WASHINGTON– With rising concerns about climate conditions, private companies are joining with the government to fund the innovative technology needed to upgrade renewable power sources and cut back on energy use, experts said Monday.

The Advanced Research Projects Agency-Energy — a Department of Energy division that promotes new energy technology — has received over $1.25 billion from the private sector, which will go toward funding 45 projects. They range from energy-storage devices that can generate power via sunlight and water, to manipulating E. coli bacteria to absorb carbon and create biofuel.

The new technology will debut during a three-day energy innovation summit, which began Monday in Washington.

At the Paris climate talks in December, participating nations agreed to cut emissions with the goal of ensuring that global temperatures do not rise more than 2 degrees above pre-industrial levels. In addition, the U.S. Environmental Protection Agency unveiled a Clean Power Plan in August, which aims to reduce carbon pollution from coal-burning power plants by switching to zero-emission energy sources like nuclear power.

Research and development of environmentally-conscious energy technology is necessary to comply with emission-limit goals, said Sophie Vandebroek, chief technology officer of Xerox. The printing company is researching innovations in energy technology.

“We have to empower each and every individual to take full control over his or her energy footprint,” said Vandebroek at the summit. “It’s not yet possible today — and a lot of technological innovation is required to make it happen.”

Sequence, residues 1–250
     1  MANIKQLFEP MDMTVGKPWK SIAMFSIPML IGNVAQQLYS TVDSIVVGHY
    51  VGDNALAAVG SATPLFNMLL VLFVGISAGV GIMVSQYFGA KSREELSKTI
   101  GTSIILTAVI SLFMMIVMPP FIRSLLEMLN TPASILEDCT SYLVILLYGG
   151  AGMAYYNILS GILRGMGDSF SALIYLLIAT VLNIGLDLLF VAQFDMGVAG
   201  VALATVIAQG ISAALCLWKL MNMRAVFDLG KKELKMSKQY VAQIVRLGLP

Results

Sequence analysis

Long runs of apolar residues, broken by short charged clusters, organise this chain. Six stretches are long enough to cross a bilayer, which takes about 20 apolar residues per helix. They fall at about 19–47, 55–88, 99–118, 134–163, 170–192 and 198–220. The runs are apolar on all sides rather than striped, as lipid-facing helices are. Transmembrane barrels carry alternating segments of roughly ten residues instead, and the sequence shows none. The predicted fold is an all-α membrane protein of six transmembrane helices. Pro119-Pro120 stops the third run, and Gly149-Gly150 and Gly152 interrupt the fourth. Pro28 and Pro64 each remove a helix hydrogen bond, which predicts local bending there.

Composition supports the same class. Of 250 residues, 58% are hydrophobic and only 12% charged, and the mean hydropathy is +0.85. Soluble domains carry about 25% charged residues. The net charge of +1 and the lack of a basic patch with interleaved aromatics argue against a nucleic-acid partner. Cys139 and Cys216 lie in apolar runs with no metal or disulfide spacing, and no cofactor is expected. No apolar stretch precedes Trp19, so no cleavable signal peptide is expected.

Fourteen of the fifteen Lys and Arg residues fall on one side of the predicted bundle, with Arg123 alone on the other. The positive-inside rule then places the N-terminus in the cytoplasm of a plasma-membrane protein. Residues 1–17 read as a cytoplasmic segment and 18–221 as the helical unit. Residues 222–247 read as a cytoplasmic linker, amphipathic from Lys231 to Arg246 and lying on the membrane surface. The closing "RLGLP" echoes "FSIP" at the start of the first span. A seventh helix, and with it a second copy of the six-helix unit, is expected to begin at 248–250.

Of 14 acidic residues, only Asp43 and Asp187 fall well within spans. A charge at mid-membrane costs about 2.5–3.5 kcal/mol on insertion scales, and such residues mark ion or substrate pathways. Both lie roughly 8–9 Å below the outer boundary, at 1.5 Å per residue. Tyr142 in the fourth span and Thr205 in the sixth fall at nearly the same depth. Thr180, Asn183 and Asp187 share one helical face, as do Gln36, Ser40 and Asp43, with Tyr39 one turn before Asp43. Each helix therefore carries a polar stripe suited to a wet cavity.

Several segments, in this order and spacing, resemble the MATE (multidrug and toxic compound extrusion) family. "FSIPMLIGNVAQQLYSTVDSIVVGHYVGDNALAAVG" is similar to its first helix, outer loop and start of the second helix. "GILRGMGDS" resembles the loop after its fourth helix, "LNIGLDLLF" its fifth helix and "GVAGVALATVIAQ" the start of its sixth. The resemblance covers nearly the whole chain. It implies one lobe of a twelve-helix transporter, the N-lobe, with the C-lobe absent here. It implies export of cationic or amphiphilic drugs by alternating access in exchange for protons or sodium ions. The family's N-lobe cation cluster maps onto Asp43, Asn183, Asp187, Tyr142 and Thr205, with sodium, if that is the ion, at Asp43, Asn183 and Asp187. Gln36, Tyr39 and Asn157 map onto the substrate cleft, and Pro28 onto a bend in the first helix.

Some individual efforts include buying shares of solar or wind farms, driving electric cars or installing solar panels on the roofs of private dwellings, said Vandebroek.

The government research agency – ARPA-E – has already invested some $1.3 billion in more than 475 projects, but financial support must keep flowing to boost innovation, said Wayne Smith, CEO of BASF, a chemicals producer.

“More government investments in technologies in the energy field are critically important,” Smith said. “The important thing is to maintain consistency and have good incentives to really encourage companies like us to continue to drive forward and put more money into research and development.”

Many ARPA-E projects – such as batteries that store power from electric grids – have already entered the market and are being used, said Ellen Williams, ARPA-E director. Other projects such as airborne wind turbines – a drone-like machine that can be flown to mimic the movement of turbine blades and generate power at altitudes where wind is at maximum efficiency – will be released within the next two years.

These technological advancements are crucial for the future of the energy industry, said Michael Graff, CEO of American Air Liquide, an industrial gas company.

“As you think about the need for energy and the many sources of energy that we have available to us, it’s not just about meeting the needs of the world based on today’s technologies,” Graff said. “It’s about creating those technologies that we can employ in the future to really meet our energy needs and do that in a fully sustainable way.”